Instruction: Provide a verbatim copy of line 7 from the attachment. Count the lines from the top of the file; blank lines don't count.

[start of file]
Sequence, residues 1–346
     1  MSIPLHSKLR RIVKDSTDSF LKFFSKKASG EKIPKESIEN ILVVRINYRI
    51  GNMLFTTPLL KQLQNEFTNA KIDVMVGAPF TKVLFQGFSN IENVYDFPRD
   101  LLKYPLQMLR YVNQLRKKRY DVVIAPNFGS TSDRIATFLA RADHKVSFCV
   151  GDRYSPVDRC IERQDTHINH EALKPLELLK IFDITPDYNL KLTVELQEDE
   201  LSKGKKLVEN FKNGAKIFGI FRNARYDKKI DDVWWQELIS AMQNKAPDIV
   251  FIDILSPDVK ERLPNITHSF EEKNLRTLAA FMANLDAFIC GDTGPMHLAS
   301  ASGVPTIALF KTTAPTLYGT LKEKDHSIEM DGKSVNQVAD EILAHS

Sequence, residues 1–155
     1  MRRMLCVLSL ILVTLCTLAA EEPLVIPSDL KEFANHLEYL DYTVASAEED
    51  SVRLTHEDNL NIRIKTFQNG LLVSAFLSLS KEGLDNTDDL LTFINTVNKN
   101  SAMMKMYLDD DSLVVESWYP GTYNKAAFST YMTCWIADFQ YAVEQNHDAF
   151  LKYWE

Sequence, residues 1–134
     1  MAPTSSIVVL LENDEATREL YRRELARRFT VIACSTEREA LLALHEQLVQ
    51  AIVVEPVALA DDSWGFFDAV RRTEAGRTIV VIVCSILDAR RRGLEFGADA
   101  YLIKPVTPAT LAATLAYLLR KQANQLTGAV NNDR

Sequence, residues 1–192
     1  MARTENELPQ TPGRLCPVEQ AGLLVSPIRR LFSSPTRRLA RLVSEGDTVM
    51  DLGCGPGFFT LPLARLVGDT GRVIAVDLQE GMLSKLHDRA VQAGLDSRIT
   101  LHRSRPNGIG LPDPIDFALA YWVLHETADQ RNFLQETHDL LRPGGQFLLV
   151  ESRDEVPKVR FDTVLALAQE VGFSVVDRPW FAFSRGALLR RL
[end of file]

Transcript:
   251  FIDILSPDVK ERLPNITHSF EEKNLRTLAA FMANLDAFIC GDTGPMHLAS